During the summer months the late setting sun illuminates our guest room in such a beautiful manner I felt compelled to make a piece that capitalised on its beauty. The interplay between light, shadow and darkness at that time of the dwindling day is so relaxing and therapeutic. To create this interplay I knew I wanted pieces that would protrude from the wall, which would cast shadows back onto the wall.
I decide to take inspiration from the method used to display historical tapestries. Often pieces that survive are pinned in such an arrangement so to leave space for the parts that are missing. Sometimes the arrangement of these surviving pieces can actually be more interesting than the original piece.
|Difficulty of Project:||Easy|
|Overall Cost of Project:||Minimal as this project mainly uses things that you have around the house|
|Duration of Project:||10+ hours (although I did it in short bursts)|
|Required for Project:||Stencil (you can make this yourself or for a short-cut, I like the ones on Etsy or Ebay, although your local DIY store probably has a selection as well),
Paint (I used old metal paint I had, but so long as it hardens when dry any paint will do and depending on the size of the stencil a small pot will do),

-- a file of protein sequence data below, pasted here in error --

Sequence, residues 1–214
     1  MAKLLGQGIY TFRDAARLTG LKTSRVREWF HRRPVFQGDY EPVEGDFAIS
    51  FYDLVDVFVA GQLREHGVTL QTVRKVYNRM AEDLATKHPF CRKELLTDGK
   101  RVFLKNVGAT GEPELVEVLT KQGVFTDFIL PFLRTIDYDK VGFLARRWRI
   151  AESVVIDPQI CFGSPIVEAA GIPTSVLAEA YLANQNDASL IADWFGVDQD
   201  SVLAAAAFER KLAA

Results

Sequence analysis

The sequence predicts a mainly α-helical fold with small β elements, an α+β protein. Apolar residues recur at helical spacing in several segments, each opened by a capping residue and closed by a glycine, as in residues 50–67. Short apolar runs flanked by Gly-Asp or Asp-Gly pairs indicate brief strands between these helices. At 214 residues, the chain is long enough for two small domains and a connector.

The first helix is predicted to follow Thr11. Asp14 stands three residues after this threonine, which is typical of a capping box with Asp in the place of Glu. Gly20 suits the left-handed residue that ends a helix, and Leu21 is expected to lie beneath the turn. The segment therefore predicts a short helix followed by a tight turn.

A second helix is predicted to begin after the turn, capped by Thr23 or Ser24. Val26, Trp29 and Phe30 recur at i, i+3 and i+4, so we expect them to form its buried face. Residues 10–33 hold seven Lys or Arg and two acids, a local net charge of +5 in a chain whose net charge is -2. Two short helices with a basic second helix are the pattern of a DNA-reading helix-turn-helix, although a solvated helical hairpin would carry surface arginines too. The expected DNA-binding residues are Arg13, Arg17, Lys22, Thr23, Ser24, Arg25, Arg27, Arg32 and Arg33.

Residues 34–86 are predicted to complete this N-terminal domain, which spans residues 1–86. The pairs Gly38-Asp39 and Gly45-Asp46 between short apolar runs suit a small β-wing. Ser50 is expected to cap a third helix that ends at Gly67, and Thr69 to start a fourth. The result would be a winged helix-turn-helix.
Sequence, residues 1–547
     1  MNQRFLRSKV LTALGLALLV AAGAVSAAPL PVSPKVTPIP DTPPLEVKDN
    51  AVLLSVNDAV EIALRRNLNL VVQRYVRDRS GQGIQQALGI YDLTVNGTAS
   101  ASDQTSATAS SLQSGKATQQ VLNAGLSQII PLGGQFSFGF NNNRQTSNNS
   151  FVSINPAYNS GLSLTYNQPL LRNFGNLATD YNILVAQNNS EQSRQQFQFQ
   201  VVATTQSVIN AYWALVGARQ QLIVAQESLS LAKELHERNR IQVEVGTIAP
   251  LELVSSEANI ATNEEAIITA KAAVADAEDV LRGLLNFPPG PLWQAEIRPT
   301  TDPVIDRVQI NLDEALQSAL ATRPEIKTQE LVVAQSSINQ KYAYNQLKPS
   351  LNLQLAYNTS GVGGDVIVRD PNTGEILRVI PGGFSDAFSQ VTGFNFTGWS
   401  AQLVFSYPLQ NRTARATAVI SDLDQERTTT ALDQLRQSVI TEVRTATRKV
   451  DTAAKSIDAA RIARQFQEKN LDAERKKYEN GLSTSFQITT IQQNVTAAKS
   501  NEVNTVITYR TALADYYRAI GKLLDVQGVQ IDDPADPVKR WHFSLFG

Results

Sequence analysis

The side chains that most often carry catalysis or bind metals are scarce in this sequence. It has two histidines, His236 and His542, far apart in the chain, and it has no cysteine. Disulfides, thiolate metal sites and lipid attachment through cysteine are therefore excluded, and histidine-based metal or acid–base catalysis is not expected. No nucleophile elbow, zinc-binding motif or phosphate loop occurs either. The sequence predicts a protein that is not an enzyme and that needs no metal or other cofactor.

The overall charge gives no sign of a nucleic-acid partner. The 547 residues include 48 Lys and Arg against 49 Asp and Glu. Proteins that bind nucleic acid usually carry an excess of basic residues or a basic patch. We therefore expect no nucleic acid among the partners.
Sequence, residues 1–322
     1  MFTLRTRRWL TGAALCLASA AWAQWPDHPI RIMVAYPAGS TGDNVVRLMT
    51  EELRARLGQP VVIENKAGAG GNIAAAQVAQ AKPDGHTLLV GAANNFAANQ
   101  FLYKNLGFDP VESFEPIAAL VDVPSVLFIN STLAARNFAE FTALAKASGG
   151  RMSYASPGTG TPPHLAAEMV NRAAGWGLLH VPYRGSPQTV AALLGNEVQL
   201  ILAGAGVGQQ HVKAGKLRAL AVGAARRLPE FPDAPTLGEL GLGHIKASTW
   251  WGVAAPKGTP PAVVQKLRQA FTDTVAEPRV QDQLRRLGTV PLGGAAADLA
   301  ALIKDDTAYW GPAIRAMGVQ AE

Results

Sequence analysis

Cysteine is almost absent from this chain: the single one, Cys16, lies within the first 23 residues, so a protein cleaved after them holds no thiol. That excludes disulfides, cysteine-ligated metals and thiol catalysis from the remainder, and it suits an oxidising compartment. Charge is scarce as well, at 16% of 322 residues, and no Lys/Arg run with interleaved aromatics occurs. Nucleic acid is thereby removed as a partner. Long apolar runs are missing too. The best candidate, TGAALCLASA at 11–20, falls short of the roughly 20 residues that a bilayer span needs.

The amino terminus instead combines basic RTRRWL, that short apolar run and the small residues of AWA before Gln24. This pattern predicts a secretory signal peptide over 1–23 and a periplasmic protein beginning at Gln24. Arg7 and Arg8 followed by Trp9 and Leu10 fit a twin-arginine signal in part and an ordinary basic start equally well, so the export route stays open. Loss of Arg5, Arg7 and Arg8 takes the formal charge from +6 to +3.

Canvas (or some stiff material),
Dressmakers pins (and hammer)
- To start lay your material out on a flat surface and your stencil on top. Stick stencil to material with masking tape so it does not move.
- Paint stencil to material. Remove Stencil. Allow paint to dry (I always leave things overnight, but follow the paint guidelines.)
- Cut out stencil of the material. Look at the scraps as you do, keep any interesting shaped pieces.
- Now we get to the interesting bit; putting it on the wall. You can if you like draw the stencil onto the wall to use as a guide, and then remove the pencil lines afterwards (or keep them depending on how it looks), but this sounded like way too much hard work for my liking, so I decided to wing it. I laid out all my pieces on the floor and made a pattern with them. I then pinned this pattern to the wall.
- To pin the pieces, first put the dressmakers pin through the piece, or many pins depending on the size of the piece and how ridged you want the end result to look. I wanted a slightly aged organic look (and I’m a bit lazy) so I used as few pins as possible. Then insert the pin into the wall. If I am honest I used a hammer to gently knock them in because those tiny pins were killing my thumb and a thimble was useless. The hammer sped up the job dramatically, just be careful to only hammer the pin in tiny bit – the aim is to have the piece of material stand proud of the wall. Repeat until all your pieces are on the wall.
- Now lie back on the other side of the room and watch the setting sun illuminate your work.